Again: I’m not blaming the bank. I’m just very strongly against government policy here!


#332

Well, at the very least you cannot even begin to contact FOS until either you have exhausted the complaints procedure of your bank, or been around 3 weeks (not sure on the exact timeframe) without contact from them. If you don’t have cash that’s enough time to quite literally starve … (yes, I know: there are soup ktichens and friends, and you can always beg, so hopefully noone is ever going to actually starve …)


(Andre Borie) #333

you have exhausted the complaints procedure of your bank, or been around 3 weeks

I remember reading somewhere the timeframe for complaint replies at :monzo: is 5 days, and that’s assuming :monzo: is acting in good faith. If the company does not want to cooperate (as it’s common in telecoms again, where your complaints mysteriously disappear), we’re looking at around 3 weeks to escalate to the FOS, and even then, the FOS will not reply immediately and will take another few weeks if not months to investigate, and in the meantime you’re still stuck without access to your money.

Whoever finds this acceptable and actually defends this nonsense, I am not sure what world they’re living in.

If you don’t have cash that’s enough time to quite literally starve

Starving wouldn’t really be an issue, but paying rent or mortgages might be. Personally for me it would be quite tough to borrow a few month’s worth of London-grade rent from my friends.


#334

Keep in mind that this is likely “normal” complaints. If an account was frozen due to AML concerns, then they couldn’t possibly deal with your complaint until the crime department has gotten the clearance to un-freeze your account. So I don’t think complaints will really get you anywhere, while your account is frozen.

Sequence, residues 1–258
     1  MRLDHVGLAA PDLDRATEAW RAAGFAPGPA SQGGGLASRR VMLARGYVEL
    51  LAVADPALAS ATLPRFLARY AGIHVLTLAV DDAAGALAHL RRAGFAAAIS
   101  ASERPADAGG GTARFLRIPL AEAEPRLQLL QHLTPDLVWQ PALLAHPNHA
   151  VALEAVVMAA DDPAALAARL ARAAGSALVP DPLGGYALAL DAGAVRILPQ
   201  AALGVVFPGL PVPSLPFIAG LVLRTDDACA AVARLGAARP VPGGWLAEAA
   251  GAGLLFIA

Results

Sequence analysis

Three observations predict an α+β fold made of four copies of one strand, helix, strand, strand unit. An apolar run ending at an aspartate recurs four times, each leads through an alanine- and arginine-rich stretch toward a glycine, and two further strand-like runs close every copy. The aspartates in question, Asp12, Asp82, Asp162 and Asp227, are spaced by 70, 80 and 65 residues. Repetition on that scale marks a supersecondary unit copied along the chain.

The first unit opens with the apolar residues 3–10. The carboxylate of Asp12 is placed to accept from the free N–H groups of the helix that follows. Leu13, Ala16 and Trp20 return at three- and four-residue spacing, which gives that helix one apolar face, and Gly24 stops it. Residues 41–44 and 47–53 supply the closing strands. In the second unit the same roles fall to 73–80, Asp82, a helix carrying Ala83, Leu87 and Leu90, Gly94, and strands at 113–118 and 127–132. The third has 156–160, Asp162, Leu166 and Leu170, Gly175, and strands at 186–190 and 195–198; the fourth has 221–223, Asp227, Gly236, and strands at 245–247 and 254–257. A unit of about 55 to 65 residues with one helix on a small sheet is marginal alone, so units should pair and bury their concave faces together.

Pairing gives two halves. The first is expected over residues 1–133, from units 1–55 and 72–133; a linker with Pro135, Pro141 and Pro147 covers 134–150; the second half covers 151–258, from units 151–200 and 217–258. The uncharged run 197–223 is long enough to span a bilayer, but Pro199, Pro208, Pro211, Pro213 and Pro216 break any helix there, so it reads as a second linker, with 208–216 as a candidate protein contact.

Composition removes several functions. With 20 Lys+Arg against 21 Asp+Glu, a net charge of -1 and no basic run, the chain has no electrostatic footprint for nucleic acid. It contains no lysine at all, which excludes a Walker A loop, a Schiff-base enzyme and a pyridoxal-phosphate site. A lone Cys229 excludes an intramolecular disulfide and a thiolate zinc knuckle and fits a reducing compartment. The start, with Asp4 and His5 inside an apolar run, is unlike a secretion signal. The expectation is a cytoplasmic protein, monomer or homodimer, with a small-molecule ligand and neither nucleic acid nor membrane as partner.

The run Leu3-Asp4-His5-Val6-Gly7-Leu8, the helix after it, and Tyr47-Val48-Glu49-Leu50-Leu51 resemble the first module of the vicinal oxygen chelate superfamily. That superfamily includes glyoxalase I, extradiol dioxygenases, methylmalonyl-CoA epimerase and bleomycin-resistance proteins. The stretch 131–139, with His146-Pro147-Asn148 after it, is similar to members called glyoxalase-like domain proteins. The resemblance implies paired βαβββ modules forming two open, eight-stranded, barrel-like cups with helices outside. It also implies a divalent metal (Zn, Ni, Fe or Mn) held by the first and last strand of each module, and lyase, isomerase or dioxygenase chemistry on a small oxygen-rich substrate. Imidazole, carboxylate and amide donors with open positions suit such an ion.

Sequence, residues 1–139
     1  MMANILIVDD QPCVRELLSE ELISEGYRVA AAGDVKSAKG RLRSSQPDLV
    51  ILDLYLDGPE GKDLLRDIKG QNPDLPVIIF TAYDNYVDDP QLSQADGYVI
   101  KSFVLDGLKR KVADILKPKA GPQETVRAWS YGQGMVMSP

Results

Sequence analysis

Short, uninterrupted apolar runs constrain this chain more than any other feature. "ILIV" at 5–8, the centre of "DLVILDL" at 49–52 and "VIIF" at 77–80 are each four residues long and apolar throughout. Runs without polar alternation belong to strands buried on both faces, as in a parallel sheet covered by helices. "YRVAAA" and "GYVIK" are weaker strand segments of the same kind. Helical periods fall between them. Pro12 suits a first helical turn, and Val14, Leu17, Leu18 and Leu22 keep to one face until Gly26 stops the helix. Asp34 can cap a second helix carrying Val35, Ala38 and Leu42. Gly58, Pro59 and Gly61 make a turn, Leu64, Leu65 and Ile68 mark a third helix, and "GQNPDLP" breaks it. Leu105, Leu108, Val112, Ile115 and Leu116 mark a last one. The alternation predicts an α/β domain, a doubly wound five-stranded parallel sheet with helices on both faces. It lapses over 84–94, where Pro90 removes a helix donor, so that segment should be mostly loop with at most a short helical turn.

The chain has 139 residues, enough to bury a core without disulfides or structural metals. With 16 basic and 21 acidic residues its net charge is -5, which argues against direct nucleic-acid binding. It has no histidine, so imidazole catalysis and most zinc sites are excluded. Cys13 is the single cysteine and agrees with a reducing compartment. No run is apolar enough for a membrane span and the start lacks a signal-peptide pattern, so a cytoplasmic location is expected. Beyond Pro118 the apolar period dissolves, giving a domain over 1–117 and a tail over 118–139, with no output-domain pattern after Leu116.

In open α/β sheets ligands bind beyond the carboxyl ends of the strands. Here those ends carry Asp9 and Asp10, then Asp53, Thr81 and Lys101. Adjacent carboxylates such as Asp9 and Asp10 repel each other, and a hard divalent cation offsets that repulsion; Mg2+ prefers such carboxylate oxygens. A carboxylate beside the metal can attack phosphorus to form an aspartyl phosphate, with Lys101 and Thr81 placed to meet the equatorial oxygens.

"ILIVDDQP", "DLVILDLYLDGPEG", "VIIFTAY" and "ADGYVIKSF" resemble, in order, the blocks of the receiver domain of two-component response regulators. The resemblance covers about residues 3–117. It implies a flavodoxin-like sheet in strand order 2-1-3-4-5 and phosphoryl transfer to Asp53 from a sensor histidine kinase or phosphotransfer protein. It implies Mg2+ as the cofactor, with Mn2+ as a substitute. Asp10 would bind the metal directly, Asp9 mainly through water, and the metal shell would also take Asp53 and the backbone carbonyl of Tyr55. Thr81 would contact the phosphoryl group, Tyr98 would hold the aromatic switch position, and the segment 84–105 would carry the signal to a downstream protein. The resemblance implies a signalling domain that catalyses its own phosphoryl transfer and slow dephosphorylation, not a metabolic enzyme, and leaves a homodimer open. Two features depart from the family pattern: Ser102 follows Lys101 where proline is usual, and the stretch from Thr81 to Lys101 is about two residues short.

(Hugh Wells) #335

I don’t believe this is something that happens at Monzo :slight_smile:


#336

It’s not under your control how long it takes. It’s the NCA that controls the timescales.


(Alex Sherwood) #337

Again, what’s this based on?


#338

What do you mean?


(Alex Sherwood) #339

I mean how do you know that?


#340

Are you just trying to be difficult? Google Suspicious Activity Report. It’s been linked to before, and I pointed you personally to that link twice already.


(Alex Sherwood) #341

Where did you see this specifically?


#342

Alright, here is your source:

http://www.legislation.gov.uk/ukpga/2002/29

I hope UK legistlation satisfies your stringent source requirements for statements from anyone but yourself?!

To summarise (and simplify):

The Proceeds of Crime Act (POCA) requires that a bank that has suspicions about funds must notify the National Crime Agency (NCA). This is called Suspicious Activity Report (SAR). Once an SAR has been submitted the bank essentially must freeze your account without telling you why, and cannot release the funds until the NCA has given them the OK.

Hence my conclusion that the NCA controls the timescales.

If you don’t believe me or wish to know all the nitty-gritty details I invite you to read the Act linked above, as well as the government guidelines on the matter.


(Alex Sherwood) #343

Thanks. Does the bank have to submit an SAR as soon as they have suspicions though or not? In other words, if a customer’s account has been frozen, has an SAR been submitted?

I expect Monzo does their own investigation first. As the name implies, these reports would be submitted once suspicious activity has been confirmed. In which case, they would have control over the timescale, until they submit an SAR. So if they don’t submit one because their investigation clears the user whose account has been frozen, the funds could be released sooner.